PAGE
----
Opposition Members have moved their own amendment. If the Government are determined to do something along these lines, the sensible approach would be to delete the clause and to lay down the objective of avoiding artificial balloting constituencies. We support that remark. We do not see this as a problem. Of course we recognise that artificial balloting constituencies are not created. If the objective is to prevent that, surely it would be sensible to approach the matter with a code of practice.

We reject clause 16 and the amendments, because no problem needs to be addressed. We have not heard any evidence or justification from the Government. We reject it because it is complicated, and we do not believe that is in the interests of the House or the country to put industrial relations legislation on the statute book that, frankly, most people cannot understand. We are opposed to it because it will not only be ineffective but will worsen industrial relations. Rather than improve the legislative framework within which managers, employers and workers go about their daily affairs, it will make it worse.

Photo of Sir John Cope Sir John Cope , Northavon

I am not quite sure whether I exaggerate when I say that it seemed to me that both sides of the Committee moved at least a little nearer to one another in the course of the extensive debates on the clause. The result of the debates, as the hon. Member for Edinburgh, East (Mr. Strang) said, is that we redrafted part of the clause in the direction—the hon. Gentleman did not seem to accept it—that Opposition Members and others outside wish. From some of the hon. Gentleman's comments and from amendment No. 13, it seems that Opposition Members have moved far enough at least to recognise the possibility of a problem occurring. The hon. Gentleman said that Opposition Members support the objective of removing artificial constituencies. That is the main purpose of the clause as a whole.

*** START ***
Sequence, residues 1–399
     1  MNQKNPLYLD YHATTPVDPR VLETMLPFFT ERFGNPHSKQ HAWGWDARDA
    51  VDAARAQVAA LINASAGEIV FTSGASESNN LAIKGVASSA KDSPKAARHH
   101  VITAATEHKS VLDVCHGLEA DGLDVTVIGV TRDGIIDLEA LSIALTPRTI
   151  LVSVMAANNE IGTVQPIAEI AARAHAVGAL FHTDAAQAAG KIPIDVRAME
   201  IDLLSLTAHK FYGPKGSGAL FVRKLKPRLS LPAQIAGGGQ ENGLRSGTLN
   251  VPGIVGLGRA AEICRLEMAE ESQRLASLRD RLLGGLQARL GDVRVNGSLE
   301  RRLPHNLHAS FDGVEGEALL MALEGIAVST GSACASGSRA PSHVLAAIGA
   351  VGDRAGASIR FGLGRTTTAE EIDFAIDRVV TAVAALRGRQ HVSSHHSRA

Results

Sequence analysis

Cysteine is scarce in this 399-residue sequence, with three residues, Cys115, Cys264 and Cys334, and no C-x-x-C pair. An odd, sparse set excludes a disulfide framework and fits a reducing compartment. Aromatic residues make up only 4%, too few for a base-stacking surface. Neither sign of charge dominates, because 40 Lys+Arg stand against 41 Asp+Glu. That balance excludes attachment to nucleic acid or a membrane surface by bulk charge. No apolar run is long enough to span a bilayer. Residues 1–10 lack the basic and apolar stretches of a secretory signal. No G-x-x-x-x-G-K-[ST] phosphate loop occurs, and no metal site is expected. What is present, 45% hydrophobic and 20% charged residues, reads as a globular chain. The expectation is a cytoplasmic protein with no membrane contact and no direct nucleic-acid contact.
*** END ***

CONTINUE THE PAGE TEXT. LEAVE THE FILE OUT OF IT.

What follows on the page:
In Committee, we promised to consider whether it was possible to amend the clause to enable an aggregate ballot of members employed at different places of work if they were in the same bargaining unit or bargaining group. We pointed out that, although the terms "bargaining unit" and "bargaining group" are well understood in general parlance, they are not easy to write into legislation. That is why we propose the definition in the amendment. It retains the general intended effect of clause 16, but I hope it will go some way to meet the concerns expressed in Committee in favour of a greater element of flexibility.

The hon. Member for Edinburgh, East mentioned vague talk about factors. I describe that as flexibility, which is necessary in this matter. I was interested to hear him complain that he thought that the clause as amended would still allow some artificial balloting constituencies to be created in certain circumstances. In other words, he was complaining that we were not putting enough protection into the Bill.

However, the amendment will enable a union to hold a single aggregated ballot covering members employed at different places of work, if all the members of a union who are accorded entitlement to vote and who are employed by the same employer have a factor or factors in common. That is the way of defining the bargaining unit, among other things.

The factor or factors in common must relate to their terms or conditions of employment, or occupational description, and a factor must not be one common to any other member employed by the same employer who is not accorded entitlement to vote. When, and only when, other members of the union employed by the same employer or employers are not in the balloting constituency and are not being given the opportunity to vote, members of the constituency should not have a factor in common merely because they work in the same place or places. They cannot be left out merely because of where they work.

The amendment does not affect the ability of unions—provided by the clause as it stands — to aggregate ballot votes across groups or employers, provided that the conditions of the new subsection are met for the groups within the balloting constituency.

I accept what the hon. Member for Edinburgh, East said in Committee — we accepted it there — about the desirability of understandable legislation, but it is my experience, derived from much legislation—by no means exclusively to do with industrial relations or trade unions —that understandable legislation is difficult to achieve.